The killings of three Muslim students in North Carolina early last month came as Muslims across the United States have felt under siege, partly as a result of terrorist attacks being committed internationally in the name of their faith. But Muslims have long thrived in university cities in this part of the American South. VOA's Jerome Socolovsky reports.
Video

Video Fuel Shortages in Nigeria Threaten Election Campaigns

Nigeria is suffering a gas shortage as the falling oil price has affected the country’s ability to import and distribute refined fuels. Coming just weeks before scheduled March 28 elections, the shortage could have a big impact on the campaign, as Henry Ridgwell reports for VOA.
Video

Video Report: Human Rights in Annexed Crimea Deteriorating

A new report by Freedom House and the Atlantic Council of the United States says the human rights situation in Crimea has deteriorated since the peninsula was annexed by Russia in March of last year. The report says the new authorities in Crimea are discriminating against minorities, suppressing freedom of expression, and forcing residents to assume Russian citizenship or leave. Zlatica Hoke has more.
Video

Video 50 Years Later African-Americans See New Voting Rights Battles Ahead

Thousands of people will gather to mark the 50th anniversary of a historic civil rights march on March 7th in Selma, Alabama. In 1965, dozens of people were seriously injured during the event known as “Bloody Sunday,” after police attacked African-American demonstrators demanding voting rights. VOA’s Chris Simkins introduces us to some civil rights pioneers who are still fighting for voting rights in Alabama more than 50 years later.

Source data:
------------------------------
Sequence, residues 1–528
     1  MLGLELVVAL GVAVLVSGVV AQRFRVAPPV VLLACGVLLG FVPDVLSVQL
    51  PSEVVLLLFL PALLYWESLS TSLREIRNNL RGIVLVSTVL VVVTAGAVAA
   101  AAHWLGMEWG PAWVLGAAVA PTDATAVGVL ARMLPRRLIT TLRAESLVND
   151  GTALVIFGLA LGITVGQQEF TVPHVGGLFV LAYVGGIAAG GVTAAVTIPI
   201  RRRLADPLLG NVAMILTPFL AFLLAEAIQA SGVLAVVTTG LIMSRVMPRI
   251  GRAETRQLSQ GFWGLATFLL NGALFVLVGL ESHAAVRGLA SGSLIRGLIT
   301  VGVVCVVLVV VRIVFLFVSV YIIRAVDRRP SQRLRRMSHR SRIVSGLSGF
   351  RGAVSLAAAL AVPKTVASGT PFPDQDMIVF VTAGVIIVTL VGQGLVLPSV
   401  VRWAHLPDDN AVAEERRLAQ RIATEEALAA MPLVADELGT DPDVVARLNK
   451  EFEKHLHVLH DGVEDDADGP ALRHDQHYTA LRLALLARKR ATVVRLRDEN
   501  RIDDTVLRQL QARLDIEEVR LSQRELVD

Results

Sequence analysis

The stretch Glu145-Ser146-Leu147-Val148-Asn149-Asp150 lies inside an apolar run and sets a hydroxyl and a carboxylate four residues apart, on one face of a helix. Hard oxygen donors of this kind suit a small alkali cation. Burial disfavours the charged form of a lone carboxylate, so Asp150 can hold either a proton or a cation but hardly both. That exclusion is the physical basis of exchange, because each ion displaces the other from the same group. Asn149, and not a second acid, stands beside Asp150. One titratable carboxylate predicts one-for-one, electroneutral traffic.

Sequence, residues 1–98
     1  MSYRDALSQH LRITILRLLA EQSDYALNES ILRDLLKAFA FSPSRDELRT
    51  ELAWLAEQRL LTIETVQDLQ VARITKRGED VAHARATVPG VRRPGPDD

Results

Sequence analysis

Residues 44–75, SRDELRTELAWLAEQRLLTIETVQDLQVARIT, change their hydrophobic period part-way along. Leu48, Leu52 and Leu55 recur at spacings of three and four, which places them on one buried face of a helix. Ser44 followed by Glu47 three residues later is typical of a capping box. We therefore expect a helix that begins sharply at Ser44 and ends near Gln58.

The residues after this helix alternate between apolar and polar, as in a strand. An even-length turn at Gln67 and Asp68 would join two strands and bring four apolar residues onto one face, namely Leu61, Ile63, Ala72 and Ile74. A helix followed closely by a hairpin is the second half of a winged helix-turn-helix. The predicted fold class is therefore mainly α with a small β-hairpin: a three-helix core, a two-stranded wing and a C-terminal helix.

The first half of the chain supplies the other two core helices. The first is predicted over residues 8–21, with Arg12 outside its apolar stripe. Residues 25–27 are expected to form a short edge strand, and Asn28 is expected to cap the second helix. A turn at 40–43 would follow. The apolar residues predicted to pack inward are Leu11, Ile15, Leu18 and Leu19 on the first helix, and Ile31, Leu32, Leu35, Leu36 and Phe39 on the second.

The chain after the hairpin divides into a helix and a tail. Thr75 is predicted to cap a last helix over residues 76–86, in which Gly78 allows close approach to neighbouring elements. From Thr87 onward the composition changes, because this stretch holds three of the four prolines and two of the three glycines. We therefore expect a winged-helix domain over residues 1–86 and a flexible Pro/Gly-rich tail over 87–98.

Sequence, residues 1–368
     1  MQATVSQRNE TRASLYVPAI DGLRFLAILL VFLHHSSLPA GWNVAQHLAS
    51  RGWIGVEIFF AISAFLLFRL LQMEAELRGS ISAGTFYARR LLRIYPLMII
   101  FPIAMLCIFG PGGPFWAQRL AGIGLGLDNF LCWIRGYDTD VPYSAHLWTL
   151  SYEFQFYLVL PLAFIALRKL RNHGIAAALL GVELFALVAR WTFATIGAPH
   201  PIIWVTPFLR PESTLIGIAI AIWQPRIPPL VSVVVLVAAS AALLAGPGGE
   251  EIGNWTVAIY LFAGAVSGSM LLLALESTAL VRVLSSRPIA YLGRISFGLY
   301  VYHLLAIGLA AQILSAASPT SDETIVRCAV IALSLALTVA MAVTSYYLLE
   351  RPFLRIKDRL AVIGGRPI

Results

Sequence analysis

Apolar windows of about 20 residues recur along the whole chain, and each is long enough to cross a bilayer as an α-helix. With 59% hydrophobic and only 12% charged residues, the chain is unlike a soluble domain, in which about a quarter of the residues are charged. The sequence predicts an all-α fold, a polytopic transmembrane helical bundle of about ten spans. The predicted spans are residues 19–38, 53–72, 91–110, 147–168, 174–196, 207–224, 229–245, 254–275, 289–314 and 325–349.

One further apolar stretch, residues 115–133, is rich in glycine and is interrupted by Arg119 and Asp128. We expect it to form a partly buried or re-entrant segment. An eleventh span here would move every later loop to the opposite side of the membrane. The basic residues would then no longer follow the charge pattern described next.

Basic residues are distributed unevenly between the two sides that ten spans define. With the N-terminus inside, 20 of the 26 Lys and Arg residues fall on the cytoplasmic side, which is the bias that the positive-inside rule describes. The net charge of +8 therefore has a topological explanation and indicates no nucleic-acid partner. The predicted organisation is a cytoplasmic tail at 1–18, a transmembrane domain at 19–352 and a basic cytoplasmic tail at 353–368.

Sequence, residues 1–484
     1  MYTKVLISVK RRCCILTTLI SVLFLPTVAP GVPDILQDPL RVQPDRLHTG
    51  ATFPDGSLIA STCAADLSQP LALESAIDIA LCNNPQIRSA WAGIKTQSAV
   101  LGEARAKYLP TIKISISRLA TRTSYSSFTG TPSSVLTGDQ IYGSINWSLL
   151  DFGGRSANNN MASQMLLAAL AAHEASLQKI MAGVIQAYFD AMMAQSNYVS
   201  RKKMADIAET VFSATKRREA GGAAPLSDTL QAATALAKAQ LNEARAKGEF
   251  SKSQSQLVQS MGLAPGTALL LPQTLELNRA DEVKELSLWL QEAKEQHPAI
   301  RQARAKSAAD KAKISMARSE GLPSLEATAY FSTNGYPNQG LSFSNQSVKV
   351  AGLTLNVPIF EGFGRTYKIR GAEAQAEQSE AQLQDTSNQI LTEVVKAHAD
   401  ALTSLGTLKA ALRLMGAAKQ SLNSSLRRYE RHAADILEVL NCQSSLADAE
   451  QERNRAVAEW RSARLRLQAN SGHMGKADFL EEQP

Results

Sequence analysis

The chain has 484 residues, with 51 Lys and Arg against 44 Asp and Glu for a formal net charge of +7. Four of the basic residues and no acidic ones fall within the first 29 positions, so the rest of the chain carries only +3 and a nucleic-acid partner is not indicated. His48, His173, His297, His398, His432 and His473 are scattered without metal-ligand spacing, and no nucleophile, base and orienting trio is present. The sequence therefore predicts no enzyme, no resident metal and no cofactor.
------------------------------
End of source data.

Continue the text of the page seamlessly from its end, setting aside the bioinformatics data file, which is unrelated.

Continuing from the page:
Video

Video Craft Brewers Taking Hold in US Beer Market

Since the 1950’s, the U.S. beer industry has been dominated by a handful of huge breweries. But in recent years, the rapid rise of small craft breweries has changed the American market and, arguably, the way people drink beer. VOA’s Jeff Custer reports.
Video

Video Video Claims to Show Shia Forces in Iraq Executing Sunni Boy

A graphic mobile phone video is spreading on the Internet, claiming to show Iraqi forces or Shia militia executing a handcuffed Sunni boy. Experts have yet to verify the video, but already Islamic State followers are publicizing it across social media, playing on deep-rooted sectarian fears. VOA’s Jeff Seldin reports.
Video

Video Ukrainian Authorities Struggle to Secure a Divided Mariupol

Since last month's cease-fire went into effect, shelling around the port city of Mariupol has decreased, but it is thought pro-Russian separatists remain poised to attack. For the city’s authorities, a major challenge is gaining the trust of residents, while at the same time rooting out informants who are passing sensitive information to the rebels. Patrick Wells reports for VOA.
Video

Video Myanmar's Traditional Fashion Choices Endure

The sartorial choices of Myanmar’s men and women quickly catch the eye of any visitor to the tropical Southeast Asian country. But at a time when Myanmar’s political and economic opening is bringing affordable western fashions to the masses, will the country’s unique fashion trends endure? VOA Correspondent Steve Herman in Yangon explores that question.

All About America

Circumventing Censorship

An Internet Primer for Healthy Web Habits

As surveillance and censoring technologies advance, so, too, do new tools for your computer or mobile device that help protect your privacy and break through Internet censorship.
More